Following on the heals of the Tucano were the blades, in their Extra EA 300L aircraft, these were also seen on the Friday practising but also giving one lucky person a special view as the Red Arrows flew over Dawlish.

The Blades have become a regular at Dawlish not just on the airshow day but also on their fund raising events held at Dawlish Warren earlier in the year.


There were ghasts of amazement from the people around at the sheer spectacle of 4 small propeller driven aircraft performing as they do. The stall turn, perfected to an almost stall, you could hear the crowd holding their breath as the white smoke almost hung in place as they went over the top against a lovely blue sky. With crossovers completed not on the straight but on a vertical climb. What a sight in seeing the 4 blades flying in formation and displaying against a blue sky with the sea as the only backdrop.

From the new to the old, as we were taken back to the fast jet age with the Jet Provost T3, flown by Neil McCarthy, this was his debut at Dawlish, having flown down from his base at Newcastle airport. This former trainer aircraft was put through its paces with many fast passes and climbs out of the bay up into the still blue sky.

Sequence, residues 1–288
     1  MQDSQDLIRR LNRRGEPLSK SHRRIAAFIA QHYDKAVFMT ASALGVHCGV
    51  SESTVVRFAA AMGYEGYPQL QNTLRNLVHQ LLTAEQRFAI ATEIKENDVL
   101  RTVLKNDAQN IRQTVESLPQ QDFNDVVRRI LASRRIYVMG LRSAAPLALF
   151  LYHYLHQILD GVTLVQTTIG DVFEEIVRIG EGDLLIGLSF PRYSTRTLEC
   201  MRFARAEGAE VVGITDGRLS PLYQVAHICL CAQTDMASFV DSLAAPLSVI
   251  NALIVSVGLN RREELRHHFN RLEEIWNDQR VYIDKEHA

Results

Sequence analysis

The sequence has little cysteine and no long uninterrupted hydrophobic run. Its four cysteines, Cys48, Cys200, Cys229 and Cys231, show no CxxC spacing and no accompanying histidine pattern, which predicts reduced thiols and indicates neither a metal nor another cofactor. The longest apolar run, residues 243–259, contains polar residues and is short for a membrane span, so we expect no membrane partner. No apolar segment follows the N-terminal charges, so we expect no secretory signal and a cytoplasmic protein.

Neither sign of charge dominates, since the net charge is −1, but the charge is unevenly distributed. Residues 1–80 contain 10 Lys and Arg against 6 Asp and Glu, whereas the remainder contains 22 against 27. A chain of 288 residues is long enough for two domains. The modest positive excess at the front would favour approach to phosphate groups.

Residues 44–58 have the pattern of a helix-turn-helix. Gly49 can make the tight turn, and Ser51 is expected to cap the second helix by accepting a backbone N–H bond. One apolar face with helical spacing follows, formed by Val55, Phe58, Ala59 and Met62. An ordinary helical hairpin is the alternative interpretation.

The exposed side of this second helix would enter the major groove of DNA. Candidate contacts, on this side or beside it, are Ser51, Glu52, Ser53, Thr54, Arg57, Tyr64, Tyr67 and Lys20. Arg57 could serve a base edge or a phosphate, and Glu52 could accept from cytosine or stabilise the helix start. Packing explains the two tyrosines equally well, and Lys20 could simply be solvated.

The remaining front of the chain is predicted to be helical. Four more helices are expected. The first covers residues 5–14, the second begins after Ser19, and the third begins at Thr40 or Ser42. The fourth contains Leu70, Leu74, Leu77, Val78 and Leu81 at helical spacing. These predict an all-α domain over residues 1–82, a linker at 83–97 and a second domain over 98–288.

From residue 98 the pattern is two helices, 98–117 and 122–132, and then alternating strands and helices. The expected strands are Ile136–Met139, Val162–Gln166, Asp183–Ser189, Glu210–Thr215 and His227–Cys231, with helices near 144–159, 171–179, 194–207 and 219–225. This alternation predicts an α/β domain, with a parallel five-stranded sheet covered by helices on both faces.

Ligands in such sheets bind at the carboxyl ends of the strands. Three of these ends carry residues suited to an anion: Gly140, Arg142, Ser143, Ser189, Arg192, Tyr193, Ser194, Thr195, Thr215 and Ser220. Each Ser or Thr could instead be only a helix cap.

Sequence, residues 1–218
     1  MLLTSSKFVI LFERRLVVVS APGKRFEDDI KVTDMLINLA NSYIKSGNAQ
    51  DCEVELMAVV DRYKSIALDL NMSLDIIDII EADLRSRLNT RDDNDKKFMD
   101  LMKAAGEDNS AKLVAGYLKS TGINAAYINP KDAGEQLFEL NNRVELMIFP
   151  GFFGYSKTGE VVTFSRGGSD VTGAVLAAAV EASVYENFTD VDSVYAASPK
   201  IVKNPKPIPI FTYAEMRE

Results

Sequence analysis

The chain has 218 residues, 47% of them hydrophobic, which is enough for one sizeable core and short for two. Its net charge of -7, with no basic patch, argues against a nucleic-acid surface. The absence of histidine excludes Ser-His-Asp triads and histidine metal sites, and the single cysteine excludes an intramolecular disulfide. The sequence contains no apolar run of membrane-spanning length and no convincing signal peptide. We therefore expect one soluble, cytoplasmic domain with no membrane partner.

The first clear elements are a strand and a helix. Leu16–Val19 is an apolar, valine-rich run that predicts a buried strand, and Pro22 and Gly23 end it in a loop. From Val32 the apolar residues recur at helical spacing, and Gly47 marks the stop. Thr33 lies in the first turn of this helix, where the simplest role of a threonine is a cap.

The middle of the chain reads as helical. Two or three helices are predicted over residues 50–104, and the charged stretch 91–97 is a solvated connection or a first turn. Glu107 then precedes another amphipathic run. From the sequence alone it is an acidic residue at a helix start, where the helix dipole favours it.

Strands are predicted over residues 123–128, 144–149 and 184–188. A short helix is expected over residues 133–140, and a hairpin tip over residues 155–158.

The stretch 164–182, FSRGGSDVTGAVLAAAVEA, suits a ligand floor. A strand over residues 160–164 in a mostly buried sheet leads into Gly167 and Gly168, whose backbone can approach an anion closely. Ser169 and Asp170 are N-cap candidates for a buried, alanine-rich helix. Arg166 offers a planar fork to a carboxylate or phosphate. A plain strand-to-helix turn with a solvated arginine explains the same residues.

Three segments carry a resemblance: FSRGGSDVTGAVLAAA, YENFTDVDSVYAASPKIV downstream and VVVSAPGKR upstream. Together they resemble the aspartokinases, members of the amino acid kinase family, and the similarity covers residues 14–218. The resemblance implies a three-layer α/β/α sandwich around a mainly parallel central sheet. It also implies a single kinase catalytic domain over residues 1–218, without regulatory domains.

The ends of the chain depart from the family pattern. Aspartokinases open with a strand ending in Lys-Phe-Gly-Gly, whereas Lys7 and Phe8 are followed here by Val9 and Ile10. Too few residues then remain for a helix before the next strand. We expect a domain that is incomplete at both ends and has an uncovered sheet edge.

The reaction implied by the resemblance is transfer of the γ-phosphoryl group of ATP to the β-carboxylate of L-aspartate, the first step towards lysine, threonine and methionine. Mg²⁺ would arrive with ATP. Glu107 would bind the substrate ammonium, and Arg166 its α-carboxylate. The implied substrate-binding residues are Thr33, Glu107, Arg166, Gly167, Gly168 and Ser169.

Dawlish, as it is on the coast, has regular search and rescue helicopters in the area and being not far from Lympstone Royal Marine Training camp they are not an unusual sight, but to see the RAF Sea King perform what it does best in searching for, then deploying and then taking back onboard the winchman after being dropped off into an RNLI inshore rescue boat. Standing high above the sea king you get a very different aspect view of both the rescue and the sea king before it banks sharp left before the red sandstone cliffs. You are really on eye line with the pilots at this point.

The Red Arrows, as expected, were spot on time at 2pm from across the town to the sea front, performing a spectacular entrance trailing the red, white and blue smoke. Standing on a high level area, you feel as though you are at the same height as the Hawks as they pass each other on the low level passes that everyone loves to see and with the roar of the engines echoing along the cliff faces it is always something special seeing them at Dawlish.

Rich Goodwin returned this year with his Pitts Special “muscle biplane” and really amazed everyone with his display, he had altered his display slightly, as with no runway to take off from and turn the plane to 45 degrees, rather this time he just flew the plane parallel to the sea at 45 degrees angle on the airframe. He really does push the limits of both the plane and himself, this is something that you will not forget in a hurry.